orchestral introduction sensitively and the Royal Stockholm
Philharmonic plays very well. Miss Skride’s first entry (2:44)
is strongly projected, though the sparks don’t fly off her bow
in the way that one has heard in some other performances. Neveu
is fiery at this point while Oistrakh really digs in, producing
a big, gutsy sound. In passing, it was some time since I’d listened
to this much-admired recording. Hearing it alongside performances
by two female virtuosi really pointed up what a masculine
performance it is. I only got to see the booklet after I’d
listened to the concerto several times and had drafted my review.
I was interested but, on reflection, not surprised to read Baiba
Skride extolling the beauties of Brahms’s music. At one point
she says “I find that Brahms, despite all his power and weightiness,
is also very romantic. Personally, I sometimes find him very
delicate, you could almost say: very feminine” [my italics].
I think she brings out that feminine element that she evidently
finds in the concerto very successfully – and very naturally.
It’s a refreshing approach.
It’s soon clear that Baiba Skride is going to give an intensely
poetic, singing account of the solo part. Her technique sounds
flawless – as one would expect at this level – but I really
admired the consistency of her tone, especially above the stave,
as well as her ability to sustain the line. At 4:27, when the
soloist muses on the melody with which the oboe responded to
the first theme at the start of the concerto, Miss Skride’s
playing is beautifully relaxed – and how well she and Oramo
prepare for that moment; she sings this episode as sweetly as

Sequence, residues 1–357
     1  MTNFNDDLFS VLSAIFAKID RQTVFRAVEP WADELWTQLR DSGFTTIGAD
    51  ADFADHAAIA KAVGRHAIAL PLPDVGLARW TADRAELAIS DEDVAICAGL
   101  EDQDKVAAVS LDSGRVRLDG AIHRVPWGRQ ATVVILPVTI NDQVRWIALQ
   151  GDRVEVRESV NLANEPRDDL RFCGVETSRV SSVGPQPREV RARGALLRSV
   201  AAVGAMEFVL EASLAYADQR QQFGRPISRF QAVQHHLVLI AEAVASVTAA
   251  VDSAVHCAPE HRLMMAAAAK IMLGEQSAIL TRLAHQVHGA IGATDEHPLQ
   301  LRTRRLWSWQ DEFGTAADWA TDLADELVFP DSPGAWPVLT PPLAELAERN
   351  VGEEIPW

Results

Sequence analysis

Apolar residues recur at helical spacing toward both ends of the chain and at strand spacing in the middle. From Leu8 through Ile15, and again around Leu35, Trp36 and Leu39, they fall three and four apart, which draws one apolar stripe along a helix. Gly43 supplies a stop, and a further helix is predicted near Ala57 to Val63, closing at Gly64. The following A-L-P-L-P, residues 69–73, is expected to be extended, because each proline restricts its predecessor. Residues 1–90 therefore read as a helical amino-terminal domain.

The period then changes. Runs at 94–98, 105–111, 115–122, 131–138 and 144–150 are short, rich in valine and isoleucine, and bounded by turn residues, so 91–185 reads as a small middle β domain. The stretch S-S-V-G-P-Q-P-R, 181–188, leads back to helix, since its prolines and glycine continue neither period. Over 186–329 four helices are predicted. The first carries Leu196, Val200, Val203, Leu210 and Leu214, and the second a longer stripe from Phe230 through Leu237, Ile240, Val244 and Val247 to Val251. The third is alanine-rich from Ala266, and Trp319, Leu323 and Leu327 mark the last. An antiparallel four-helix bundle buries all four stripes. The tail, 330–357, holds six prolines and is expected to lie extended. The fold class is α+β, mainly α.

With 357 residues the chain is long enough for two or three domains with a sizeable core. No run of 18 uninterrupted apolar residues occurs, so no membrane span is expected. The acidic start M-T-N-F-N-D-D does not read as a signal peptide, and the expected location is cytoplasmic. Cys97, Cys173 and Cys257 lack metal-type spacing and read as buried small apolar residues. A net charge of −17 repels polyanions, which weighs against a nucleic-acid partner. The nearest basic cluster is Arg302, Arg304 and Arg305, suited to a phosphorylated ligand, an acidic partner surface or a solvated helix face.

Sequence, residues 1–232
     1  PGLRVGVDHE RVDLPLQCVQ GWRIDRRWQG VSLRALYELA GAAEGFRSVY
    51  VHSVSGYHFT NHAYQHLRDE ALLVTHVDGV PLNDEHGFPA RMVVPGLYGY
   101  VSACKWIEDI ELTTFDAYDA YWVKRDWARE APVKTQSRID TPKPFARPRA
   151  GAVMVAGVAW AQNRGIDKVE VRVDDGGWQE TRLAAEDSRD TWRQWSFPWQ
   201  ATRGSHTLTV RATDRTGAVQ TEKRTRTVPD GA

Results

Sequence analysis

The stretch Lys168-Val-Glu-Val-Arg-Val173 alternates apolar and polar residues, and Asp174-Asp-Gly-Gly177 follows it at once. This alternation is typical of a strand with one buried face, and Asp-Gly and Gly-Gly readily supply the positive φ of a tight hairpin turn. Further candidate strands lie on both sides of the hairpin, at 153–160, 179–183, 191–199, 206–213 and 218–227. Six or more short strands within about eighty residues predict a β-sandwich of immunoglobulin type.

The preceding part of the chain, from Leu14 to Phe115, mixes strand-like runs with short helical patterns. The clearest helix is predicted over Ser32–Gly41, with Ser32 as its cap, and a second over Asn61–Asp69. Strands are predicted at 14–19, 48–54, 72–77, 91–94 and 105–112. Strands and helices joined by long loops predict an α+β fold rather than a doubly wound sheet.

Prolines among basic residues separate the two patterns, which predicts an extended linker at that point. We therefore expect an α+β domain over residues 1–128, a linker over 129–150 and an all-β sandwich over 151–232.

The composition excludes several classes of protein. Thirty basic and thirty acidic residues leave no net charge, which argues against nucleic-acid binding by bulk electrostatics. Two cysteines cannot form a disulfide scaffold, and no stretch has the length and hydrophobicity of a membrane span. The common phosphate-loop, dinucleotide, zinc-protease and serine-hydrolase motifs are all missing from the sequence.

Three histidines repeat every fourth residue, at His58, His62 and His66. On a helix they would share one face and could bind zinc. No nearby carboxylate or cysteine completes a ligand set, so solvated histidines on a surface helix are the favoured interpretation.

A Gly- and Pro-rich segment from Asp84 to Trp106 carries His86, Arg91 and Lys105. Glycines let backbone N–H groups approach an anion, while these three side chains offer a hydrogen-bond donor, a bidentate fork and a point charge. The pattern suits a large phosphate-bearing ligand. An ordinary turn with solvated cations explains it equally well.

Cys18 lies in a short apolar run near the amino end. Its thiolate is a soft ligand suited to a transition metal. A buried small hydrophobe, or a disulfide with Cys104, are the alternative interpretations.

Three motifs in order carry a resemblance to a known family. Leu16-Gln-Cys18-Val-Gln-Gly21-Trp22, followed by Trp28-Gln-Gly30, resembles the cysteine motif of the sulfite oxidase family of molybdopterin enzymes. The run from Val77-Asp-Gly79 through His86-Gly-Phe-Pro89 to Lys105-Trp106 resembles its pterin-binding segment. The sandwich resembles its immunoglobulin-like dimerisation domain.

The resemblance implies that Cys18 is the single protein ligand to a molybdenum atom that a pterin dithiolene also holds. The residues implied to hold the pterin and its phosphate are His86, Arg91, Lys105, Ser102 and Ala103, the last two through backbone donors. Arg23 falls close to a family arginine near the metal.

does Ginette Neveu. It’s not all sweetness, though; there’s
ample fire and excitement in the passage between 11:36 and 13:10,
for instance. The treatment of the Joachim cadenza (from 18:13)
is surprisingly thoughtful for quite a bit of its duration –
Oistrakh’s performance is far stronger and more obviously flamboyant
– but Miss Skride provides display where necessary. The passage
leading out of the cadenza, where the orchestra rejoins the
soloist, is, in Skride’s hands, as sustained and beautiful as
I can recall hearing it. Here the soloist is rapt, ethereal
and dreamy whereas Ginette Neveu sounds much more intense.
The slow movement, introduced by a distinguished rendition of
the wonderful oboe solo, is a gift for a player with Baiba Skride’s
lyrical talent. Her glorious, singing tone is heard to wonderful
advantage in these pages. In fact, everyone involved in this
performance – soloist, conductor and orchestra – bring great
sensitivity to the movement. Ginette Neveu’s violin also sings
beautifully but she plays with a greater intensity. Some may
prefer that but Miss Skride’s unforced lyricism brings its own
The finale is taken at a reasonably steady pace – it lasts 8:08
in this reading, whereas Oistrakh’s much weightier reading clocks
in at 8:33 and Neveu requires 7:44. However, even if the basic
pulse is fairly steady there’s no lack of joy in the playing
and the music has life. I did wonder if Miss Skride could have
let herself go just a bit more – and her conductor too; perhaps
the performance lacks the last degree of exuberance. But it’s
still a highly enjoyable reading and there’s good energy in
the final 6/8 pages. I think there’s perhaps more of the gypsy
in the way that Ginette Neveu delivers this finale and that’s
appropriate, I feel. By the side of these two young ladies,
David Oistrakh is much more deliberate and heavy-toned. To be
truthful, his performance sounds ponderous by comparison.
Baiba Skride’s reading of the Brahms concerto may not be to
all tastes. I can imagine some listeners thinking that her expansive
way with the first movement is just a bit too much of a good
thing. However, the concerto is a work of almost inexhaustible
richness and the music can accommodate a variety of approaches.
The sheer beauty of tone and the long, seamless lines that are
a feature of Miss Skride’s performance, especially in the first
two movements, are captivating and this winningly lyrical account
of one of the handful of truly great violin concertos is worth
serious consideration by collectors.
The recorded sound in the Hungarian Dances and in the concerto
is very good. The discs are handsomely packaged and the very
useful booklet is in German, English and French.